Sufferers may feel terribly isolated and may experience the effects of starvation including:
- Sleep disturbance
- Reduced mental ability
- Excess hair growth on body
- Poor circulation
- Feeling excessively cold
- Dizzy spells
- Thin bones leading to deformity or osteoporosis
- Stunted growth
- Digestive tract dysfunction
- Female anorexics will sometimes suffer a loss of menstrual periods.
All eating disorders may incur feelings of isolation, shame, guilt and emotional pain.
Ten tips that may help you to help yourself
- Buy a self-help book. Research has proved self-help books can be enormously effective.
- Begin to keep a diary - write down your feelings. Make your diary personal to you - your own confidante and friend in whom you confide your thoughts. Scribble, stick in photos, draw pictures - there are no rules about how you have to use the space.
- Begin to be in touch with the feelings and thoughts around the binges. Begin to understand your underlying emotional issues.
- Ask yourself what is it that you really want instead of food - is it a response to the worry of work? Do you really want a hug, a chat with a friend?
- Start nurturing and pampering yourself. Set aside time in the day for your own relaxation and leisure periods. Prioritise your needs.
- Dare to say "yes" to yourself instead of "no". Learn to accept the way you are and begin to appreciate and love yourself.
- Do not overly criticise or judge yourself harshly. Over-zealous self-criticism will drive the compulsion of the eating disorder.
- Draw a family tree to include all friends and all those living or dead. Write down your family history noting dramatic or eventful periods of change.
- See if there are emerging patterns of behaviour. Look at the way you relate to others. Do you have equal give-and-take in relationships? If not, look at books on assertiveness.
- Be gentle on yourself. Accept the way you are. Your eating disorder has enabled you to cope with difficult circumstances. See if you can come up with other coping strategies which are less harmful.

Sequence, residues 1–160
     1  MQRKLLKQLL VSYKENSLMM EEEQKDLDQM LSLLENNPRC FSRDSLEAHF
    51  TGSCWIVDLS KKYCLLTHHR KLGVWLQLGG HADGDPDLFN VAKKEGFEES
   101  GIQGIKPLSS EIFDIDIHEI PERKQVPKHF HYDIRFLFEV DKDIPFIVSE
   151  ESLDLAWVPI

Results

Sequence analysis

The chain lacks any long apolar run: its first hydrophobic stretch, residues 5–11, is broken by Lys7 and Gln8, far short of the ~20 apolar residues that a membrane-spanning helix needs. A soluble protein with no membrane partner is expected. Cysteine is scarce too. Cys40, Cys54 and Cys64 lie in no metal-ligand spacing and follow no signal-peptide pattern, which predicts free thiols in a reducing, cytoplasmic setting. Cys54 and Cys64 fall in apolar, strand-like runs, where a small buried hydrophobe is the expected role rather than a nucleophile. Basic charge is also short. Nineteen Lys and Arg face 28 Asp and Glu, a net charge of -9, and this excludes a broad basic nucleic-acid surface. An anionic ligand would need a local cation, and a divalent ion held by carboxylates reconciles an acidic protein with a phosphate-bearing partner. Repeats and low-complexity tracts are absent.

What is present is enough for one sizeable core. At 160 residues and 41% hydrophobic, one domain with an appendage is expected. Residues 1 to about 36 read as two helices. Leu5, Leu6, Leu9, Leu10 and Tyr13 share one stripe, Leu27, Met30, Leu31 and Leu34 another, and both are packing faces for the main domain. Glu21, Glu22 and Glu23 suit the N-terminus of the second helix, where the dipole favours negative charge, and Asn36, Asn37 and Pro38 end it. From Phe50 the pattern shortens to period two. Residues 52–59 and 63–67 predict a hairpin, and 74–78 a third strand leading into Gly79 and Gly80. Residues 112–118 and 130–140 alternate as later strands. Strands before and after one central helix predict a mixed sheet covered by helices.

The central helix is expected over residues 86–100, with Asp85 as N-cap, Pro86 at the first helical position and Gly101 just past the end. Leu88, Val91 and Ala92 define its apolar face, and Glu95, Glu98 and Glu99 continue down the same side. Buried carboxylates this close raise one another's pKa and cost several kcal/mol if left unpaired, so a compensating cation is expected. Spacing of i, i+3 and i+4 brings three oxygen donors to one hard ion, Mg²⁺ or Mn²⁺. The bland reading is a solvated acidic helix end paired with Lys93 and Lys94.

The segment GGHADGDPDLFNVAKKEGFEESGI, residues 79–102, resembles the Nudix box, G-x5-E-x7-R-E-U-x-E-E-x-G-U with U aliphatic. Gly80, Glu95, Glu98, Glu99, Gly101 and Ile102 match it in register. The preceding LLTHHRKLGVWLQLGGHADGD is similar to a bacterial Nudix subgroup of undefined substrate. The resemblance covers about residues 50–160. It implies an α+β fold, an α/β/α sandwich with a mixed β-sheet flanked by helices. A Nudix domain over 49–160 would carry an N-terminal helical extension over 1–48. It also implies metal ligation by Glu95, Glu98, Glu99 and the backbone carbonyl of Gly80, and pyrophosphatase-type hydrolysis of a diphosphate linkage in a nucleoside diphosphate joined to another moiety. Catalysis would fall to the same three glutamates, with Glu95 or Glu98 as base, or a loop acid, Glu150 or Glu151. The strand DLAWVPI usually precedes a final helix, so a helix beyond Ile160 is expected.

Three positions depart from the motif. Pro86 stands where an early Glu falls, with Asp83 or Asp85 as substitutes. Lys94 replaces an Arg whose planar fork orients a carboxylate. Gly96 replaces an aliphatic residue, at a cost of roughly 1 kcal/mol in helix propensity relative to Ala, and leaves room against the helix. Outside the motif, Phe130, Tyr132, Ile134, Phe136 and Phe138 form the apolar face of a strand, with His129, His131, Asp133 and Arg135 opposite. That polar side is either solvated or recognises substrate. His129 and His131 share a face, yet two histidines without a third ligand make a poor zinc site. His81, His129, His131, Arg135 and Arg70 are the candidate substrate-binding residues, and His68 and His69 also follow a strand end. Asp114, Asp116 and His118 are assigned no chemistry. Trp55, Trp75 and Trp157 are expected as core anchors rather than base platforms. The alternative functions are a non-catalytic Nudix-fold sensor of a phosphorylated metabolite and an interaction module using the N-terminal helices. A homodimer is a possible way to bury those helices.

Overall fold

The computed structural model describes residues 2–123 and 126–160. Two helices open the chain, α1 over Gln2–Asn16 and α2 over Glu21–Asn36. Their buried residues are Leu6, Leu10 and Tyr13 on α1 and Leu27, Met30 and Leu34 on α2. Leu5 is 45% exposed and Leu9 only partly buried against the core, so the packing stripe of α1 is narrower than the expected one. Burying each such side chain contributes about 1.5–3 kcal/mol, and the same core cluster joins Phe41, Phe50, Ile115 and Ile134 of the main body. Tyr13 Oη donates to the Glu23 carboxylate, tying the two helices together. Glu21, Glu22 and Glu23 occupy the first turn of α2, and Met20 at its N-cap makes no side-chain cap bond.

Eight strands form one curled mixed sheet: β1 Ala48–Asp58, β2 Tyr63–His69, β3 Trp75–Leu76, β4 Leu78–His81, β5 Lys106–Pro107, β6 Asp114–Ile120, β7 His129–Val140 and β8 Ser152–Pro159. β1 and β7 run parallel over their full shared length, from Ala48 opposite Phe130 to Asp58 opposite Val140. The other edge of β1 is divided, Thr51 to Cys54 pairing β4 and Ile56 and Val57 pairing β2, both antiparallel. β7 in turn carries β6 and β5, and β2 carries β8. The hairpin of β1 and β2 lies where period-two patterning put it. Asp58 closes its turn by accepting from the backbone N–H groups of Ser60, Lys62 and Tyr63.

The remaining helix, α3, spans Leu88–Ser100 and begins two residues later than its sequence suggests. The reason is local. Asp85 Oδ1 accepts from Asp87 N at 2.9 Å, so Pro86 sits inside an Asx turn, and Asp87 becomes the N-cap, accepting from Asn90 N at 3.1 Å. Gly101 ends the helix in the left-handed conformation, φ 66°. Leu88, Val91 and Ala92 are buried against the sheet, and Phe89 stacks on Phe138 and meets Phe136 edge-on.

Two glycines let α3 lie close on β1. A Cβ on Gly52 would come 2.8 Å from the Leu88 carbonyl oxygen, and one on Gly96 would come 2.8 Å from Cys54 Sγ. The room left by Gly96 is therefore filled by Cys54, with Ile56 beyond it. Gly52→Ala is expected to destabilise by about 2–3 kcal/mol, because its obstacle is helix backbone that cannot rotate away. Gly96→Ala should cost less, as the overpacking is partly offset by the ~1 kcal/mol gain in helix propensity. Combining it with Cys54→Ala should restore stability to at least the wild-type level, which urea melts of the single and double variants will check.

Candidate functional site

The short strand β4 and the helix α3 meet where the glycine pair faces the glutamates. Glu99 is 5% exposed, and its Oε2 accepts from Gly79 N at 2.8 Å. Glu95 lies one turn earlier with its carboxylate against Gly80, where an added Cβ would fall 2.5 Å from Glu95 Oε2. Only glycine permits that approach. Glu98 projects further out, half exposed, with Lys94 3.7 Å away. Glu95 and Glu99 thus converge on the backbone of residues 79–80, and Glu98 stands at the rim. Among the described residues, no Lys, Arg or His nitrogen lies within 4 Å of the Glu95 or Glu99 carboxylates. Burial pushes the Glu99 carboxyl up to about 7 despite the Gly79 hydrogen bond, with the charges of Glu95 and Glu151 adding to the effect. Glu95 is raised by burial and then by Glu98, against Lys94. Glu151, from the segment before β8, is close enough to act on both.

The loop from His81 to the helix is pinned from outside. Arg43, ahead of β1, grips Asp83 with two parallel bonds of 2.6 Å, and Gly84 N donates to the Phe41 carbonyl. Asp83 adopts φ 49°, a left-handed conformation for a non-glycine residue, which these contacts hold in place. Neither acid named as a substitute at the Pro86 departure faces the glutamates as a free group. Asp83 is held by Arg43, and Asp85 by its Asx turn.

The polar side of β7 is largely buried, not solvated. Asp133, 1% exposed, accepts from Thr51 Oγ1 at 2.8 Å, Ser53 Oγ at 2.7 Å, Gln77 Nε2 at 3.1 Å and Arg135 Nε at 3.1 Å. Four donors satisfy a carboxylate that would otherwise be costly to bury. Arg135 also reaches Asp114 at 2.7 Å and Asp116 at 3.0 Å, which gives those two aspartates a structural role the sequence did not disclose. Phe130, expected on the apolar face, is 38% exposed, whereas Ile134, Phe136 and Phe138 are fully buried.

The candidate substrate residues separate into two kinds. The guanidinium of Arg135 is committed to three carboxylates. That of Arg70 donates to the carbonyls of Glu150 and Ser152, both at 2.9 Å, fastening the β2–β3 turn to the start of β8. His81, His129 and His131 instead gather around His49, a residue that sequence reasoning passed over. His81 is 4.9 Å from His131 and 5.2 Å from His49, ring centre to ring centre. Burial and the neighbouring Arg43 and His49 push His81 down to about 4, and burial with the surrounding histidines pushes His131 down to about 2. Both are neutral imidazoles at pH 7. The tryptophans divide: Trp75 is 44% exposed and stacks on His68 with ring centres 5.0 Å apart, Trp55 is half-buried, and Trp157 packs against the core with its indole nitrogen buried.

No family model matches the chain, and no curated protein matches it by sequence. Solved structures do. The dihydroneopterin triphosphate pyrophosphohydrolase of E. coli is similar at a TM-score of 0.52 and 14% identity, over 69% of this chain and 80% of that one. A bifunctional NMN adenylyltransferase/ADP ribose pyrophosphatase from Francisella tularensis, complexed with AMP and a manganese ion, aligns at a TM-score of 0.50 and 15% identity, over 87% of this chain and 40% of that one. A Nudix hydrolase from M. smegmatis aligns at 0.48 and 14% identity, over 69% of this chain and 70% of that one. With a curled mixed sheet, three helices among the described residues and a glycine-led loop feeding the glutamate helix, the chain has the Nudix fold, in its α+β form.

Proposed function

Contact the Student Counselling Service about any of the following.
As previously stated, all eating disorders are symptomatic of emotional, psychological and sociocultural issues. In one-to-one counselling, a person can explore and learn to understand the underlying issues in a safe, confidential environment, thus breaking the experience of isolation. An individual can gain new coping strategies conquering the driven obsession with food and body image that seems to override all life's activities.
Being in a group has been a relief for many. Together sufferers have broken their isolation and realised that others have had similar experiences. A group may be the next step on from one-to-one counselling to enable the participants to regain control over their lives.
- Getting Better Bite by Bite - A survival kit for sufferers of bulimia nervosa and binge eating disorders. Ulrike Schmidt and Janet Treasure. Routledge. 1993
- Eating your Heart Out. Julia Buckroyd. Optima. 1989
- Anorexia Nervosa - A Guide for Sufferers and Their Families, R.L. Palmer. Penguin. 1989
- Anorexia Nervosa: The wish to change, A H Crisp. Psychology Press. 1996
- Overcoming Bulimia Nervosa and Binge-Eating. Prof Peter Cooper. Robinson. 2009
- Overcoming Anorexia Nervosa, Christopher Freeman. Robinson. 2009
- Overcoming Binge Eating. Dr Christopher Fairburn. Guilford Press. 1995